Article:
Last week we started our tour of Sue Adams' "tour-de-force" fridge in the "Whistler special" home she shares with hubby, Bob. Many Whistlerites think The Grocery Store when they think of Sue, for she and Bob were 27-year owners of what was Whistler's first and, for ages, its only grocery store. But that's just one side of Sue. Former occupational therapist; member of numerous boards and task forces, including Arts Whistler; and founder/chief cook and bottle washer (literally) of several restaurants, such as Vancouver's The Contented Sole, Sue's independent, no-nonsense approach belies her creative streak. Or maybe that's the other way round. Either way, it may well be what happens when you grow up on a huge sheep farm 43 kilometres from the nearest town in Australia. We left off last week after the top shelf and its leftover ricotta, Greek yogurt and feta cheese — harbingers of this fridge's themes: exotic and expansive, yet spartan and practical. Little excess. Much promise.
The second shelf of Sue's fridge is "all bits and pieces." Here we find, among other things, some hummus they'll have for lunch, a can of Greek dolmades (great for an emergency appetizer) and one of the few things Sue didn't realize she had ("I'm usually very good at keeping track of my fridge"): an unopened tin of anchovies.
There's also a jar of jalapeños, and homemade beet pickles to use up leftover beets that she made by marinating them in sugar and vinegar like her mom did back on the farm. Homemade preserved lemons are also underway for things like Lebanese dishes or Moroccan chicken.
Here's a surprise: Sue was recently at Bosa Foods in Vancouver (she and Bob keep a place in the city as well), and she got sucked into picking up a demo product — a hot, spicy Mediterranean-type dip. She doesn't know why she bought it but she'll use it on the weekend for something. By contrast, another Bosa purchase is something intended and much-loved: their assorted mix of Spanish olives, with pits "because they taste so much better."
As you can see, much of Sue's fridge has a Mediterranean/Middle Eastern theme (although the very many condiments on the very full door shelves are mostly Asian). For one, she's always liked to cook what's trendy, and that happens to be popular now. Two, foods from those regions have been favourites since college days.
"When I first left home I was in Sydney. That's an exciting food city — a fantastic food city, absolutely leading edge, it's so international," she says. Lebanese, Turkish, Chinese, whatever — it was all part of Sue's world when she was a student.
On the third shelf we get more international twists interspersed with some local ones. There's homemade panna cotta she'll serve that night with fresh figs and prosciutto on a bed of arugula, and some eggs she bought along with house-made sundried tomato and pork sausages at what she calls "my old store in Whistler Village" (The Grocery Store).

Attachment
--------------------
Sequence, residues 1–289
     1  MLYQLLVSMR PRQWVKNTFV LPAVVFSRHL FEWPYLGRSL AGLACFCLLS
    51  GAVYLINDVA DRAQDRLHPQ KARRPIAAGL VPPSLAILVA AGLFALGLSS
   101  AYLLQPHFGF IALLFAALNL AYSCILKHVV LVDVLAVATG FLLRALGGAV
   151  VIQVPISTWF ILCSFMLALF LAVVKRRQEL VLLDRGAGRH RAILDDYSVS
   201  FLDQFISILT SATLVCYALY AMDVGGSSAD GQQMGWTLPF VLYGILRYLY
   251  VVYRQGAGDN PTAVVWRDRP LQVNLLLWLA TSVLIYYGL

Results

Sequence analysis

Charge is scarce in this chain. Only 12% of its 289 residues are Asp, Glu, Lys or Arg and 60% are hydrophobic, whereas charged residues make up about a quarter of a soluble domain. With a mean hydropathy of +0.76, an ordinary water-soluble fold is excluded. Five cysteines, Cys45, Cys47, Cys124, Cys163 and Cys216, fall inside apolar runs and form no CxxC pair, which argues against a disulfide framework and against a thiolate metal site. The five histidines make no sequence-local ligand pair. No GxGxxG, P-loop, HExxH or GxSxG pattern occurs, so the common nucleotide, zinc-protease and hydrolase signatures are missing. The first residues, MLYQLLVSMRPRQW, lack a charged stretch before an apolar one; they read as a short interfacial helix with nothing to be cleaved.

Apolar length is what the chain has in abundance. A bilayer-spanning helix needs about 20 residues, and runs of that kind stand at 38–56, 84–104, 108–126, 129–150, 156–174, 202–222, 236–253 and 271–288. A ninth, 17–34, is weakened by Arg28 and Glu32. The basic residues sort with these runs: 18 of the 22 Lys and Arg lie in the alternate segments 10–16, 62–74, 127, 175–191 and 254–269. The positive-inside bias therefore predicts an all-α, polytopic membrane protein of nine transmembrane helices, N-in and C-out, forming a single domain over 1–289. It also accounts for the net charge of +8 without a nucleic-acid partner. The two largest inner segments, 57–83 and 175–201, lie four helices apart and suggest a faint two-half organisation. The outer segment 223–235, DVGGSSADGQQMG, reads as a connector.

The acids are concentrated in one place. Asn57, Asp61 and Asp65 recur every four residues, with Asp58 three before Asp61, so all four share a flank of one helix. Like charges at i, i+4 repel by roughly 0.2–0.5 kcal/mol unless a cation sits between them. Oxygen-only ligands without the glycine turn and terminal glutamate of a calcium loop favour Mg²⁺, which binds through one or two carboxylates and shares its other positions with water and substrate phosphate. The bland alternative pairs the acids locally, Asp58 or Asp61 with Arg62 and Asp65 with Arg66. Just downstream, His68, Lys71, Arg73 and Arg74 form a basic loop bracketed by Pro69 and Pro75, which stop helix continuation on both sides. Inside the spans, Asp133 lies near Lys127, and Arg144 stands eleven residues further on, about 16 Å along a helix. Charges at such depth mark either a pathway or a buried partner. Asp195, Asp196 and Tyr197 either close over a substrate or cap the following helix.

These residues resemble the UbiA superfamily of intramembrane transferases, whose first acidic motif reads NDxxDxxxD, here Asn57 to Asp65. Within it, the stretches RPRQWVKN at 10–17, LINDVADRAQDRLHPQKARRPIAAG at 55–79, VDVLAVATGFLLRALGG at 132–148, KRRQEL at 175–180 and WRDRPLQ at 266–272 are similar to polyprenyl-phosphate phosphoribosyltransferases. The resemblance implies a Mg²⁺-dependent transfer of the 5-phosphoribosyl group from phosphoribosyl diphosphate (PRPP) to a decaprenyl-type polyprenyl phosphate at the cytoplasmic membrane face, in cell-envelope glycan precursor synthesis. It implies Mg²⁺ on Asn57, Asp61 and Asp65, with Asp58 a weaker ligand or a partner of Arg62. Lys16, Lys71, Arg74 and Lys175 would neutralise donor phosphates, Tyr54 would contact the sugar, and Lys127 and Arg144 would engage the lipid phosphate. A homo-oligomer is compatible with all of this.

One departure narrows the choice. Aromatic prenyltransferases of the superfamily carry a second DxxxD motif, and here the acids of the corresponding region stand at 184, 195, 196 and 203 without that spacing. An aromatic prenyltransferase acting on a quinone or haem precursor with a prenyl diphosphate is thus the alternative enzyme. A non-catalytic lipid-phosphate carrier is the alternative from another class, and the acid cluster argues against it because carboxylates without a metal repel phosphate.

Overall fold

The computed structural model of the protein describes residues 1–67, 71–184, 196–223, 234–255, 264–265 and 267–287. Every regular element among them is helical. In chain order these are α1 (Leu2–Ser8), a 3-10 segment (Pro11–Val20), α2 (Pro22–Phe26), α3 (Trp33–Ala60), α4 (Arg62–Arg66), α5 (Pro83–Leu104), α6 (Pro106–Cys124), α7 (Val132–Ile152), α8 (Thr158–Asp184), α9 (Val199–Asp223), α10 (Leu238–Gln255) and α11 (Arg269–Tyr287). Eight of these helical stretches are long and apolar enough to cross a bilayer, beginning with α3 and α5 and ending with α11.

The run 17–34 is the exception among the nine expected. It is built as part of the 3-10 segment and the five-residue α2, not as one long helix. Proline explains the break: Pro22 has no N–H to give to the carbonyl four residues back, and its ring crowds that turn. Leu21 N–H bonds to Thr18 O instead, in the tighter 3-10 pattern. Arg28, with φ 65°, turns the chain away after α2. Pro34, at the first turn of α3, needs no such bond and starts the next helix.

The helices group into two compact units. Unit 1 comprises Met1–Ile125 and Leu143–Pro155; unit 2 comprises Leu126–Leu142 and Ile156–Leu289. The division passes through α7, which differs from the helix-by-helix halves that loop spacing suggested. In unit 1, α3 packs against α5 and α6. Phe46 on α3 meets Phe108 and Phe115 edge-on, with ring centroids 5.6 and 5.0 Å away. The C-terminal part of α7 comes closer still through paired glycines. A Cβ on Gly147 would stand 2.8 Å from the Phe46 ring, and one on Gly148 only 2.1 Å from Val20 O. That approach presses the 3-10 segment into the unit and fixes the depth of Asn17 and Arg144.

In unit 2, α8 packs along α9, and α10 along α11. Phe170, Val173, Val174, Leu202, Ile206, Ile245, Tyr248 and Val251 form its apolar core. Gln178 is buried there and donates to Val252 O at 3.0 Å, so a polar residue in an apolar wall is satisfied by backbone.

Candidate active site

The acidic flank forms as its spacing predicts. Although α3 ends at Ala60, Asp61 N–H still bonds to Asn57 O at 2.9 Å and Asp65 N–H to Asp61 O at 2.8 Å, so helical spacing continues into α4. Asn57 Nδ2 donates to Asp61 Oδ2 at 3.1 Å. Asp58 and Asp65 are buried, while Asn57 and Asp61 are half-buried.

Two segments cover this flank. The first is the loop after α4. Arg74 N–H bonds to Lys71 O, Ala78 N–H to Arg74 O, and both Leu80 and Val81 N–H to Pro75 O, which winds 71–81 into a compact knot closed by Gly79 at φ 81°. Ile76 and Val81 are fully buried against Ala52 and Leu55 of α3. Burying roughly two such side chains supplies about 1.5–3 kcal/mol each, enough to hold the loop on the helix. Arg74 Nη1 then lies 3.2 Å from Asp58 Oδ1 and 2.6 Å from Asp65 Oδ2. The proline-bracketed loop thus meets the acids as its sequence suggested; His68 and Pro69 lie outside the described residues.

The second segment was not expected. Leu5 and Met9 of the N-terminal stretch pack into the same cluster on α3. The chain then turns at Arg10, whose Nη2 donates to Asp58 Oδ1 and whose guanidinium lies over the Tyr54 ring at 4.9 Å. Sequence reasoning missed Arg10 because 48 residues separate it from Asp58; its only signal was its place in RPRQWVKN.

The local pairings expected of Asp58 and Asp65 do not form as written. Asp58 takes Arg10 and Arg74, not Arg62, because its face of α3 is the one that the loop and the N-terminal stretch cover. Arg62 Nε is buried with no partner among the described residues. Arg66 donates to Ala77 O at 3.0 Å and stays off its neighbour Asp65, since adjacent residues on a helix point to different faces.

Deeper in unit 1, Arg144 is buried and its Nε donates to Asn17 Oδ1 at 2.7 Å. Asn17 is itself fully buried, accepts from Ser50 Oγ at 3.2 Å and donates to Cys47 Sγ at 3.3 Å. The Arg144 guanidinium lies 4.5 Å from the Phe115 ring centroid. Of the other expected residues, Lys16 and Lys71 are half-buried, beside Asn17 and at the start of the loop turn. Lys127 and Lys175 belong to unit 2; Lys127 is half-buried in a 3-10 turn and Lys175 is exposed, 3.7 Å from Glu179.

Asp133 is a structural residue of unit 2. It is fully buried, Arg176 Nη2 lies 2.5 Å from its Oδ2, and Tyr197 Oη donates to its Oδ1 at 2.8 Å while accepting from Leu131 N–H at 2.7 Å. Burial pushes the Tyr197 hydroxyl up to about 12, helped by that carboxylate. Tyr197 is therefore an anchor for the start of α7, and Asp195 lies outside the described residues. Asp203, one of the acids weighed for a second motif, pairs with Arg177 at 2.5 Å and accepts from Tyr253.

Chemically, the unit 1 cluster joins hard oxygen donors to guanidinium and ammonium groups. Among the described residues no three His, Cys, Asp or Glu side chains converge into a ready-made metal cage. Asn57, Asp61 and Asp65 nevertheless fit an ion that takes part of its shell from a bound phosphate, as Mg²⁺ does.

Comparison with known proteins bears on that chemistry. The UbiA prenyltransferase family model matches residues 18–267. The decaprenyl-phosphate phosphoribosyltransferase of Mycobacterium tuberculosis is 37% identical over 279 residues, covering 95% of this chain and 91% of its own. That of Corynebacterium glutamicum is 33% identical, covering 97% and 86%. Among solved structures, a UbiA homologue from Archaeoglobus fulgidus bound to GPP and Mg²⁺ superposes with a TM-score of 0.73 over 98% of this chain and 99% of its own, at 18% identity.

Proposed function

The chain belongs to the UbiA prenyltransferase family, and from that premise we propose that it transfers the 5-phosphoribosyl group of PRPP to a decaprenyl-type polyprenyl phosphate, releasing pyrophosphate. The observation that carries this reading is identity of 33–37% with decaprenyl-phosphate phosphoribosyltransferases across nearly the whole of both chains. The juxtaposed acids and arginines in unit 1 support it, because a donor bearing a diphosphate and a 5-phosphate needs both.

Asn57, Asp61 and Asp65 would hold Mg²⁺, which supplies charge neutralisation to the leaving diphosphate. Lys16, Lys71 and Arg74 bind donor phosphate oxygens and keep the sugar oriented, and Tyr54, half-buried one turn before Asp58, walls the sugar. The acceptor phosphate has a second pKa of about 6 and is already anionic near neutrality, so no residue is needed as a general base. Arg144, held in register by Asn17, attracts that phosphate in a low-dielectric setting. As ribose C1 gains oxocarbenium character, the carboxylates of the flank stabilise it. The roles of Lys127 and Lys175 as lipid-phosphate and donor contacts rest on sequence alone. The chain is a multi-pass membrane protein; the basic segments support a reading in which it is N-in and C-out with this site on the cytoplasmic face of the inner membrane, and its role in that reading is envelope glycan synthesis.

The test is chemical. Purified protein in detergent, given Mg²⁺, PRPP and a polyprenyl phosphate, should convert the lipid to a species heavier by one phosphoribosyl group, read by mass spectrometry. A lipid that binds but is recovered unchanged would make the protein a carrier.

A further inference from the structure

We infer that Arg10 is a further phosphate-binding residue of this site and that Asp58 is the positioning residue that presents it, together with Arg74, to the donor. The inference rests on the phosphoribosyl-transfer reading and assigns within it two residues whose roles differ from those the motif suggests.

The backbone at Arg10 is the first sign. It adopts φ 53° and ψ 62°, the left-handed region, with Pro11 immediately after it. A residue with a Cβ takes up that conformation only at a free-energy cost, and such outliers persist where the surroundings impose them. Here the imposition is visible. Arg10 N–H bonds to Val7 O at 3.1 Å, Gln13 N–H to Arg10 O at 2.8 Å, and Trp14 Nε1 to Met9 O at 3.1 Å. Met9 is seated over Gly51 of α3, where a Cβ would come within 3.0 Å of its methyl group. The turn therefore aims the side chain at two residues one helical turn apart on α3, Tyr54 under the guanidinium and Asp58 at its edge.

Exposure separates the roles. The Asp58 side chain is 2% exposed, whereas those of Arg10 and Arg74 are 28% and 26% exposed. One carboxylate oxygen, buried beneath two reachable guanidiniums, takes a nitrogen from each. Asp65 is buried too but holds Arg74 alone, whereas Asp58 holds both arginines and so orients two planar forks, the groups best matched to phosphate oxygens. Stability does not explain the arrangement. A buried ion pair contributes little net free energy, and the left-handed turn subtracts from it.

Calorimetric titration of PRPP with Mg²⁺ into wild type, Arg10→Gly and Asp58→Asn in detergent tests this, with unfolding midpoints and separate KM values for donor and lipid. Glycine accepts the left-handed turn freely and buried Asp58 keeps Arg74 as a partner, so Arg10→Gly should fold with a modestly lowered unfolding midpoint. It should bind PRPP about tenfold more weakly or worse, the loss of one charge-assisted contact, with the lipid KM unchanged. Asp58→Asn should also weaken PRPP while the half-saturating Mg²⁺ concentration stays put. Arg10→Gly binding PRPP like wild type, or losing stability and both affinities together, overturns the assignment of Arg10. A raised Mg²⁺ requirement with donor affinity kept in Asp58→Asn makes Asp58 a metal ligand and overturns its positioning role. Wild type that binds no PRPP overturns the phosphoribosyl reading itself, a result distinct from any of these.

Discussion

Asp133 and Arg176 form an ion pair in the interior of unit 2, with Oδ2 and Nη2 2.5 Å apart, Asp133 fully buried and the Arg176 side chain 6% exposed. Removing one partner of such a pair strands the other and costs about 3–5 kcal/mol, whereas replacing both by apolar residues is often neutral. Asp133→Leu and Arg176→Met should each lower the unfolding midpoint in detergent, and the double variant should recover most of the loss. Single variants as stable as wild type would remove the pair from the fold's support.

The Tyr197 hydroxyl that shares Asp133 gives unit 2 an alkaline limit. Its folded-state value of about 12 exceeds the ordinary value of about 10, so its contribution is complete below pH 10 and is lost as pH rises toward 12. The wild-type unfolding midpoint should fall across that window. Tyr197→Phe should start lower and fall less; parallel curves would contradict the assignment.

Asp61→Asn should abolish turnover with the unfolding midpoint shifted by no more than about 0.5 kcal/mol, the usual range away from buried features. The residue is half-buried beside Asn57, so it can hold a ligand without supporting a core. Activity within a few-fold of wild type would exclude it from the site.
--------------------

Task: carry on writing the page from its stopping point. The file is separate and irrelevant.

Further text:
Next shelf, we find wholewheat tortillas and the only bread they eat in their house, Oroweat's 12-grain bread; Bob toasts a slice every morning. There's also leftover pasta and fruit salad — which they have every morning for breakfast — along with some tomatoes and arugula.
Next come two drawers, one for all kinds of cheeses and fruits, including cantaloupe, watermelon, blackberries and raspberries destined for those fruit salads. For Sue they go on top of a mixture of multi-grain cereals she makes, which earned a respectable seal of approval: "One little kid who stayed with me said, 'I quite like that gerbil food.'"
The other drawer is home to vegetables needed to ad lib good meals fast. These include basics like red onions, peeled garlic, red hot chilis and all the salad makings as well as new B.C. potatoes, broccolini and snap peas. Sue also has a little kitchen garden for fresh herbs and some fun, all to do with cooking.
In the Adams' home, the evening meal is important. Sue usually does "a two-course restaurant-style meal" but only shops for that meal's protein each day. As for getting good food on the table fast, her time-tolerance for meal prep is about an hour.
"I'm a really busy woman engaged in a lot," she says. "I start cooking about 6... I use quick recipes unless I'm having people for dinner and then I'll take the whole day and just have a great time doing all sorts of different recipes. But I'm experienced enough I can make a very tasty, fast meal."
For people who are less experienced, or simply want good-tasting, good-for-you meals without investing a lot, Sue has these creative suggestions.
"There are fantastic prepared products now in all the stores like a bag of these new-style salad fixings, which are quite amazing," she says. "They have kale and all sorts of stuff, and a little package of healthy dressing — some of them even have feta. So for five bucks you have a bag of enough salad for two.
"If you want to have some protein, maybe it's just cheese or a quick-baked chicken breast in the oven. Season it with whatever is hanging out in the fridge, whether it's mustard or pesto or some leftover dip — leftover dips are great things to spread on fish or chicken and just bake them. Keeps them moist and gives them lots of flavour."
So you, too, can have a two-course, restaurant-style meal with a little help from the pre-mixed salad, and the chicken is cooking while you're eating your salad.
So practical. Yet so promising. And so very Sue Adams.
Glenda Bartosh is an award-winning journalist who tolerates about 45 minutes for meal prep.
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